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Democrats work towards holding virtual convention for Joe Biden’s nomination

The convention is due to take place in August.

File photo of the Democrat's presumptive presidential nominee, Joe Biden.
File photo of the Democrat's presumptive presidential nominee, Joe Biden.
Image: PA Images

DEMOCRATS ARE MAKING moves towards holding a virtual presidential nominating convention this August, with party officials preparing to grant convention organisers in Milwaukee the authority to design an event that will not require delegates to attend in person amid the coronavirus pandemic.

A top party official discussed the plans ahead of today’s virtual meeting of the Democratic National Committee’s Rules and Bylaws Committee.

The official spoke on condition of anonymity to discuss moves that still require approval by the committee and the DNC’s 447 members.

The influential rules and bylaws panel will start the process with a resolution that grants “maximum flexibility” to the convention organising committee to set up a gathering that “guarantees every delegate can accomplish their official business without putting their own health at risk”.

That will include finalising convention dates, which now are set only as the week of 17 August — and determining “format, voting mechanisms, structure and other logistical aspects of the convention”.

The expected action underscores how deeply Covid-19 has upended the 2020 presidential election, potentially forcing one or both major parties to dramatically alter their conventions in ways that not even the Civil War required in 1864.

And it raises the possibility even further that Joe Biden will be nominated as his party’s standard-bearer without the traditional roll call vote from thousands of delegates across 57 US state and territories.

The resolution also would allow two of the most high-profile convention committees, the Rules Committee and the Credentials Committee, to conduct business without having to have their final reports approved by the full convention.

All convention delegates still will get to vote on the party platform in Milwaukee, Wisconsin, one of the states Donald Trump wrested from the party in 2016.

DNC members will vote on the resolution by postal ballot.

If it gets final approval, the resolution effectively would prevent national party officials from having to convene again ahead of the convention to approve any atypical convention protocols.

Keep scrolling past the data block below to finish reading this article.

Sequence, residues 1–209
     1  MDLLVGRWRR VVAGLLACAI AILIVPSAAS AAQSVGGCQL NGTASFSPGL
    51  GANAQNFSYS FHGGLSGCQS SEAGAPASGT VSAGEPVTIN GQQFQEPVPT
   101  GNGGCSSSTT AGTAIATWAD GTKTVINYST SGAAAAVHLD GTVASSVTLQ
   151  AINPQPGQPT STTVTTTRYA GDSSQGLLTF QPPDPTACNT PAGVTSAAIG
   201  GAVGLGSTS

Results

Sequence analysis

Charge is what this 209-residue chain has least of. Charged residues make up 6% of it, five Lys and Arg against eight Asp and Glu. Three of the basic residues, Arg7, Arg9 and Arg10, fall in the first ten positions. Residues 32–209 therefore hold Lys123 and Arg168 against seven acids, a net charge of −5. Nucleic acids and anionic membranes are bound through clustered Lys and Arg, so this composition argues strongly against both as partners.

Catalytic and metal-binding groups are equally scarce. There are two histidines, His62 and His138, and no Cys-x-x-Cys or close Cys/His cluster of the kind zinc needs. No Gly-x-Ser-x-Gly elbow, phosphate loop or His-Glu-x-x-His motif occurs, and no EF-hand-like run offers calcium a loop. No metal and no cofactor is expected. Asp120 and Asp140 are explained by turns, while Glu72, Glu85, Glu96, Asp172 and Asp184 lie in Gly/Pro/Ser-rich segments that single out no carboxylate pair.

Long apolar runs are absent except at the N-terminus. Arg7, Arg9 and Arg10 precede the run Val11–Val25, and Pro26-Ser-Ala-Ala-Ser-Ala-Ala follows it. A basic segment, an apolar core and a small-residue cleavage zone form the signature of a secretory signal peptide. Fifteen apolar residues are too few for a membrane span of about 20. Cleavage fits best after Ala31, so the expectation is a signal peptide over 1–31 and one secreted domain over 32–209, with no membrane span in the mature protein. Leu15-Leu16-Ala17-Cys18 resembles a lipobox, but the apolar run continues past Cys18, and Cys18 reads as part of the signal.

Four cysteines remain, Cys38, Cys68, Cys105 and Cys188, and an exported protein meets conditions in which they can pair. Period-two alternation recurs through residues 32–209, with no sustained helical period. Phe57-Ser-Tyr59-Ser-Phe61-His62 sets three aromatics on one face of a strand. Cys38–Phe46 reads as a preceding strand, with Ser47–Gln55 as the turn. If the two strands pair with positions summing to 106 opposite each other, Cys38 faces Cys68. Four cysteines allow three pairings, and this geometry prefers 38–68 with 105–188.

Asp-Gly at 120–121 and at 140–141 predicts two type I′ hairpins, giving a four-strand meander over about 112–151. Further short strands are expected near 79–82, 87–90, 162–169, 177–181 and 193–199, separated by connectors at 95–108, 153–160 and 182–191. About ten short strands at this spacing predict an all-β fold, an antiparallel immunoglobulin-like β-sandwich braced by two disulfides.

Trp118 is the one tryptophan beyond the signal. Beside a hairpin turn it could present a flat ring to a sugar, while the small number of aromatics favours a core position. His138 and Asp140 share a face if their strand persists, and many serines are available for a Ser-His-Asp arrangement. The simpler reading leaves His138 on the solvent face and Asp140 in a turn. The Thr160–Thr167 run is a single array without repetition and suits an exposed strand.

Delayed convention

Party Chairman Tom Perez had previously announced a delay of the convention, pushing it back from 13-16 July to mid-August, the week before Republicans are set to gather in Charlotte, North Carolina.

Republican National Committee chairwoman Ronna McDaniel has left open the possibility of changes in the Republican convention, as well, though President Trump has made clear his eagerness for the 2020 campaign to return to normal even as Covid-19 spreads.

The committee is also expected to approve waivers for states that have postponed presidential primaries beyond the deadline of 9 June. Many states postponed their primaries because of the pandemic.

Five states delayed them until after the deadline spelled out in party rules.

Kentucky and New York postponed their primaries until 23 June, while Delaware and New Jersey are scheduled to vote on 7 July, and Louisiana is scheduled to hold its primary on 11 July.

Without the waivers, the states could lose half their delegates to the party’s national convention.

2.53516869 US President Donald Trump (file photo). Source: PA Images

Biden is already the party’s presumptive nominee, now that he is the only candidate still running.

With all the postponements, he has had to wait to compile the delegates necessary to win on the first convention ballot.

Biden is now likely to clear that threshold in June.

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The Democrats’ latest moves come as the Biden campaign continues negotiations with representatives from the campaign of Bernie Sanders, Biden’s last remaining rival, on various details about the party’s rules and platform.

The two camps already have hammered out a deal on how to allocate delegates, so Sanders does not lose delegates he had earned before dropping out.

The candidates’ representatives are hammering out policy agreements as they try to avoid the kind of bitter platform fight that could splinter the Democratic general election coalition, as happened four years ago when some of Sanders’ supporters never fully coalesced behind nominee Hillary Clinton.

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